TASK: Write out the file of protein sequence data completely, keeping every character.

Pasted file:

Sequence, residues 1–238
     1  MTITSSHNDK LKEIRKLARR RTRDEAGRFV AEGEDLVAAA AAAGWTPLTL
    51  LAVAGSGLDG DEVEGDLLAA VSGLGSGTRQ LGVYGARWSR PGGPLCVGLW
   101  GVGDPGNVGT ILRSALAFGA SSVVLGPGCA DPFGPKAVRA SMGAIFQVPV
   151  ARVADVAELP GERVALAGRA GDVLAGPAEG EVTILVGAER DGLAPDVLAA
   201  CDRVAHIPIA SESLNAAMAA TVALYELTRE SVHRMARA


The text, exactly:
Sequence, residues 1–238
     1  MTITSSHNDK LKEIRKLARR RTRDEAGRFV AEGEDLVAAA AAAGWTPLTL
    51  LAVAGSGLDG DEVEGDLLAA VSGLGSGTRQ LGVYGARWSR PGGPLCVGLW
   101  GVGDPGNVGT ILRSALAFGA SSVVLGPGCA DPFGPKAVRA SMGAIFQVPV
   151  ARVADVAELP GERVALAGRA GDVLAGPAEG EVTILVGAER DGLAPDVLAA
   201  CDRVAHIPIA SESLNAAMAA TVALYELTRE SVHRMARA